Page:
Overall, VPA for up to 20 minutes was significantly associated with improved CRF. However, the benefits on CRF plateaued after that time, and longer duration of VPA was not associated with significantly greater improvements in CRF. Neither MPA nor LPA were associated with any improvements in CRF.

Participants who engaged in an average of 14 minutes (range, 12-17 minutes) of VPA per day met the median CRF.

The researchers also conducted independent t tests to assess differences in VPA at different CRF thresholds.

Those in the highest quartile of VPA had CRF z scores 1.03 higher, compared with those in the lower quartiles.

Given that current PA guidelines involve a combination of moderate and vigorous PA that could be met by MPA with no VPA, the current findings have public health implications for improving CRF in adolescents, the researchers wrote.

Even with MPA as an option, most adolescents fail to meet the recommendations of at least 60 minutes of MVPA, they said. “One possible reason is that this duration is quite long, requiring a daily time commitment that some may find difficult to maintain. A shorter target of 20 minutes might be easier to schedule daily and a focus on VPA would simplify messages about the intensity of activity that is likely to improve CRF.”

The study findings were limited by several factors including the use of data from only two schools in the United Kingdom, which may limit generalizability, and future research would ideally include a more direct assessment of VO2 max, the researchers wrote. However, the results were strengthened by the large and diverse study population, including teens with a wide range of body mass index as well as CRF.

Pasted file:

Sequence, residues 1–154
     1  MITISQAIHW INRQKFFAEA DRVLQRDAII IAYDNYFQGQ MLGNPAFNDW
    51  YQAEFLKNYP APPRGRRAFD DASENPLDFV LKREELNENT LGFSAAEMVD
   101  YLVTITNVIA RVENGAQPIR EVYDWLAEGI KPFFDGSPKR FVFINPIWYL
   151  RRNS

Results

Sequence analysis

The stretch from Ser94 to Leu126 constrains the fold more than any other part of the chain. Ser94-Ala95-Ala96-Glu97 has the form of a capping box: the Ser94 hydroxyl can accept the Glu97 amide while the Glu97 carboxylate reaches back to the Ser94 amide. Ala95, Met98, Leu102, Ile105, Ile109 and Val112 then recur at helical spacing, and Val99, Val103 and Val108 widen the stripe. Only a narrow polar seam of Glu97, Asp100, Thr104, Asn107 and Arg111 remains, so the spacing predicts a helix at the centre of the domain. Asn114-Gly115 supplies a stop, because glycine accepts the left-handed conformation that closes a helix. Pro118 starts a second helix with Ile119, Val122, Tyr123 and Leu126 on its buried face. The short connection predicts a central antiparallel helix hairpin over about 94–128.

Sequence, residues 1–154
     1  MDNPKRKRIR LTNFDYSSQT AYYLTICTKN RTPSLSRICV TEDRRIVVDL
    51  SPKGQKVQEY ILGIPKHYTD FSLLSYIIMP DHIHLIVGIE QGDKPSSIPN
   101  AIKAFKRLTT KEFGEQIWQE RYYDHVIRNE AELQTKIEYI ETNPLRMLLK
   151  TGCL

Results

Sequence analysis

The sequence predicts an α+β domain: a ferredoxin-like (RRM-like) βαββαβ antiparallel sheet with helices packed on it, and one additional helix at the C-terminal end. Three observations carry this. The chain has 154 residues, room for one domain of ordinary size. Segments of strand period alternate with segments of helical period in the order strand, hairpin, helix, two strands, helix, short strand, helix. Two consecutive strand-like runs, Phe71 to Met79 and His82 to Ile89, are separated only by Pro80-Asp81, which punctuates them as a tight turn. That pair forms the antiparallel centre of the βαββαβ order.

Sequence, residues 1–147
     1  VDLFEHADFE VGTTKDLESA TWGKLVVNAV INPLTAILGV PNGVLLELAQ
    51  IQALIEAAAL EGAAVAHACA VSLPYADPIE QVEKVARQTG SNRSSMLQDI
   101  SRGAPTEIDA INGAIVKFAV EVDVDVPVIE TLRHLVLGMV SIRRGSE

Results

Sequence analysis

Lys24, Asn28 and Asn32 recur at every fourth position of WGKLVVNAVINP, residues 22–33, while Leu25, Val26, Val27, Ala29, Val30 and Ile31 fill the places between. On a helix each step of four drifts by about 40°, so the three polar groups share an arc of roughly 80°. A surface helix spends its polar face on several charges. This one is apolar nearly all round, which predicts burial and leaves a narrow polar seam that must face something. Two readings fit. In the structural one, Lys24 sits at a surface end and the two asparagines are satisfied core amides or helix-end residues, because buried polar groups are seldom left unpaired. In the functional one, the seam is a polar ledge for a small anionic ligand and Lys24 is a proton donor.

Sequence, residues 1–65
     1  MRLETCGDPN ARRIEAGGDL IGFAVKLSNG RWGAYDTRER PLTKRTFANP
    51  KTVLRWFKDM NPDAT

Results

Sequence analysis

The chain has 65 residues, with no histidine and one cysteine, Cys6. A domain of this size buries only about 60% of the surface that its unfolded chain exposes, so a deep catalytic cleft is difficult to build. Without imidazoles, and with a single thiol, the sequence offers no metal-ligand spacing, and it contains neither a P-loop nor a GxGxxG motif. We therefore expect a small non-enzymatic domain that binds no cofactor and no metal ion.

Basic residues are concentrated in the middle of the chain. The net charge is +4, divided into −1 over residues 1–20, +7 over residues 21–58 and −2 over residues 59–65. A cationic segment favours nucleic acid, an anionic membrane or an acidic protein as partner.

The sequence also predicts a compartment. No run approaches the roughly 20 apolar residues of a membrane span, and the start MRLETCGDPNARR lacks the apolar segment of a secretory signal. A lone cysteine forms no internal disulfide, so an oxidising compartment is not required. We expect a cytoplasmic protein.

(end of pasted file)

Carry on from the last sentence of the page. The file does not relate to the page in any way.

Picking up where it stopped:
Future research is needed to test whether interventions based on a target of 20 minutes of VPA creates significant improvements in adolescent cardiometabolic health, the researchers concluded.

Any Activity Has Value for Sedentary Teens

The current study suggests that counseling teens about physical activity may be less challenging for clinicians if optimal cardiorespiratory benefits can be reached with shorter bouts of activity, Michele LaBotz, MD, of Intermed Sports Medicine, South Portland, Maine, and Sarah Hoffman, DO, of Tufts University, Boston, wrote in an accompanying editorial.